I was listening to a recent episode of the Writing Excuses podcast. It’s about Orson Scott Card’s M.I.C.E. quotient.
M = Milieu (Setting, but S.I.C.E. doesn’t spell anything useful.)
I = Idea
C = Character
E = Event
Good stories will have more than one of these present. Novels may have all four. But one will usually stand dominant above the rest.
I was thinking about this as I was driving to work the other day listening to a totally different podcast (Adventures in Sci-Fi Publishing). They were talking on that podcast about whether published authors ever give negative book reviews.
And I got to thinking about what makes even a book I wasn’t overly enthused about worth reading all the way through.
I can forgive a lot of things, but I think Card’s M.I.C.E. quotient is a pretty good indicator of what I won’t forgive.
In this post, I’ll talk about Idea, because it’s what came to mind first, and I think it’s the most unforgivable deficiency in these genres when it’s not there. Subsequent posts will deal with the other three components.The Quillians was to write 250 to 350 words inspired by a song. We had to postpone the ‘judging’ meeting twice because the first time, only two people had entered, and the second time, our Fearless Leader–Luta in-game–didn’t show up. Speculation about where she was ran rather rampant. I suggested that the only thing that could keep her from us was that she had been kidnapped by pirates. Or perhaps clowns.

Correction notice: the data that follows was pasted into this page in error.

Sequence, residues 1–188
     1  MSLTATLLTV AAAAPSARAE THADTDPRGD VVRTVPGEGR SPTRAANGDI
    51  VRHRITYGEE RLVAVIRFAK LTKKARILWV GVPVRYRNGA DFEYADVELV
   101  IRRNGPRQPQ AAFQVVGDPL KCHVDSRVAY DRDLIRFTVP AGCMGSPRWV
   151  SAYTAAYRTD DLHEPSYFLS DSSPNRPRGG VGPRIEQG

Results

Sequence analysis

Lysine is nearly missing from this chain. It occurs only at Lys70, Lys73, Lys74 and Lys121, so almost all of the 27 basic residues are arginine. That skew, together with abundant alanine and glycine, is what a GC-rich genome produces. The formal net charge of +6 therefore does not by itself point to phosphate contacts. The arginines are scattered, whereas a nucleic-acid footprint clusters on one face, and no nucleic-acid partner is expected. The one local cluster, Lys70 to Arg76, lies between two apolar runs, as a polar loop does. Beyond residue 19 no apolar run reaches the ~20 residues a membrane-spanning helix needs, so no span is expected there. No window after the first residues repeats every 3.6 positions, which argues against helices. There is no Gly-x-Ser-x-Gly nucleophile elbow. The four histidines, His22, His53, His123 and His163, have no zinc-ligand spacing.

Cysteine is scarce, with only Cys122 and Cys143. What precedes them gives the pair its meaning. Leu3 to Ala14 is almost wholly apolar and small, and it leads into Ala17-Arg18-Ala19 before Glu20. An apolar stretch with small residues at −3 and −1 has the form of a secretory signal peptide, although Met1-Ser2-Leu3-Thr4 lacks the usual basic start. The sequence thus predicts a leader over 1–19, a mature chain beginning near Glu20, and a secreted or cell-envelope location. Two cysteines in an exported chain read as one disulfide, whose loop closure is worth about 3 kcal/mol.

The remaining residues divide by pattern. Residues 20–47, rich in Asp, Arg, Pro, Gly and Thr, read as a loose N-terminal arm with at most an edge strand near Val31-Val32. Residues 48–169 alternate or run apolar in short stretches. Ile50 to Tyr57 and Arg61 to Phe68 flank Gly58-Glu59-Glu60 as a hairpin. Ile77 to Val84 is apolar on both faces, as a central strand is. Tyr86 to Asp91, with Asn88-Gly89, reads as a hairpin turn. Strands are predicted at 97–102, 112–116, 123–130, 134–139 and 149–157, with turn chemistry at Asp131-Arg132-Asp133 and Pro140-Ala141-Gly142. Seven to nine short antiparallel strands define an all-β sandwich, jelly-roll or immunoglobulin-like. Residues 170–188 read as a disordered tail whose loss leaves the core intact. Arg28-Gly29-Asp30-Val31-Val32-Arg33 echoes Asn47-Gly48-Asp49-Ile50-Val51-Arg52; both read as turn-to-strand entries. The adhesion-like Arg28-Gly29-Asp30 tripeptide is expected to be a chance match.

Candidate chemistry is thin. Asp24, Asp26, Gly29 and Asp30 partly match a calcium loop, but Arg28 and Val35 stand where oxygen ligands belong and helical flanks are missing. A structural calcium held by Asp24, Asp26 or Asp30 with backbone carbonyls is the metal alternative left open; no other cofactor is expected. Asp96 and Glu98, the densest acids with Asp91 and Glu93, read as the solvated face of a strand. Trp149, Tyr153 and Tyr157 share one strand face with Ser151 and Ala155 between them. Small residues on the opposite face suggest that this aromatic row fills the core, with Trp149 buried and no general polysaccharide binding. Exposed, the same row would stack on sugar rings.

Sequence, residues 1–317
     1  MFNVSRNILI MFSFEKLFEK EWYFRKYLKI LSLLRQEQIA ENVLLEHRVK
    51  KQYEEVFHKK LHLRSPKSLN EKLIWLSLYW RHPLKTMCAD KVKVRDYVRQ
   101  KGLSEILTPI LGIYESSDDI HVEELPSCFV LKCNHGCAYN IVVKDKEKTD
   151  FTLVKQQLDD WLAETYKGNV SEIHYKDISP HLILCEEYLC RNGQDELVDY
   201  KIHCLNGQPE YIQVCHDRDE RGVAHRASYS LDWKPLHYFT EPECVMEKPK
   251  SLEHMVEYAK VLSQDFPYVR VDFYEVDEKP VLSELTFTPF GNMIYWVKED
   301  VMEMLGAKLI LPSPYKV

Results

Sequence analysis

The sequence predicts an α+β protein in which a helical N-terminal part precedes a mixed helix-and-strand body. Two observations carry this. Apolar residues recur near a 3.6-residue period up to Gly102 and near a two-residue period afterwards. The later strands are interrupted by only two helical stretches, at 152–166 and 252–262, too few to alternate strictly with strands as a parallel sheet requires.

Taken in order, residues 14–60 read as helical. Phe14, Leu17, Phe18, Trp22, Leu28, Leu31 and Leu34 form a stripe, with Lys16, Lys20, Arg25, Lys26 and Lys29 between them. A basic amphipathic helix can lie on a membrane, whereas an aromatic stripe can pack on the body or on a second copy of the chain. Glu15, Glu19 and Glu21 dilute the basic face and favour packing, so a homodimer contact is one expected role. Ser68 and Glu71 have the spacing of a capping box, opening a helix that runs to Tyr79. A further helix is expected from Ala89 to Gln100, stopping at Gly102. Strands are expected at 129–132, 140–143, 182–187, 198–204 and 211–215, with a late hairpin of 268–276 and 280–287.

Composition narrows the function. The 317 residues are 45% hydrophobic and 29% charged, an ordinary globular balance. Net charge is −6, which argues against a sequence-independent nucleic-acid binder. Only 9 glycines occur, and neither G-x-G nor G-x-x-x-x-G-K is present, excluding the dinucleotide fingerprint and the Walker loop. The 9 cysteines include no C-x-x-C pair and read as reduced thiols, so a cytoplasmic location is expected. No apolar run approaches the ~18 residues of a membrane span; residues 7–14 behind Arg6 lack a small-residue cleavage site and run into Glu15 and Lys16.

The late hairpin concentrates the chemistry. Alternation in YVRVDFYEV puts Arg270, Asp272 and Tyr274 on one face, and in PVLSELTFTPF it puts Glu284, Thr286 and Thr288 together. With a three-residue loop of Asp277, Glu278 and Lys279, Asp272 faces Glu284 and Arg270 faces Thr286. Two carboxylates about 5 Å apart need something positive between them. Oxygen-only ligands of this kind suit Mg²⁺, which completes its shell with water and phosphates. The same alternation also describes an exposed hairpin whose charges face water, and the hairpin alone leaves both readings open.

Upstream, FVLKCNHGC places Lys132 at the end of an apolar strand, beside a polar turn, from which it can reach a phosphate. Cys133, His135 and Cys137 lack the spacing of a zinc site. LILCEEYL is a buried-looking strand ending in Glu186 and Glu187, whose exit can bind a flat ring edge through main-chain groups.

Or pirate clowns.
One thing led to another, and the challenge for August was to write a 350 word story explaining just where Luta was. :)
As usual, I was given a word count, and I met said word count exactly. So here is my entry in the “Where’s Luta?” challenge.
Oh, I should mention something: Luta is Canadian. From Nova Scotia, specifically. That will make the story make more sense.
“Oh, for the love of God, Steve. If you’re afraid to call her, just hand me the phone and I’ll do it! Canada could be on the brink of ruin, and you’d worry about one woman being irritated with you.”
Not just one woman, he thought.
His wife stood, hands on hips, glaring at him through narrowed eyes, her foot tapping soundlessly on the carpet. He supposed she was right. It wasn’t every day that an agent so deep undercover was activated, but this one was special. He picked up the phone.
Luta folded laundry with one hand while checking her daughter’s math homework with the other. “No, honey, you need to carry the two,” she said as she checked the clock again. Only a half hour to go.
The phone rang, interrupting her thoughts. Oh, for the love of…it’s nearly 10 on a Monday. What now?
She laid down the sheet she had been folding, and, dodging dogs and trailing a daughter with an open notebook and a pencil, she marched upstairs and into her office. The phone blared twice more. If I answer it, it’s going to be something bad, and I have a Quillians meeting on Second Life. I can’t let them down!
It rang twice more before she picked it up. With a heavy sigh, she said, “Hello?”
“Um…” came a harried, tentative voice, then a fumbling sound. She thought she heard someone say, “Really? This is the activation phrase?”
“Hel-lo?” she said, emphasizing each syllable.
“Yes, um…’Yo ho ho and a big red nose.'”
Luta’s face, which had been a mask of irritation and impatience, instantly relaxed into one of supreme calm, her eyes narrowed. “Prime Minister. This had better be damned good. Last time—”
“I-I know, Luta, but…it’s that situation in Moose Jaw.”
She closed her eyes. Crap. I thought I took care of that last time. “Tell me.”
I knew from the moment I came up with the idea that the last word of the story had to be [REDACTED]. :)
Anyway, I presume this will be judged toward the end of August, or possibly the first Monday in September. Wait. What is that in Canadian?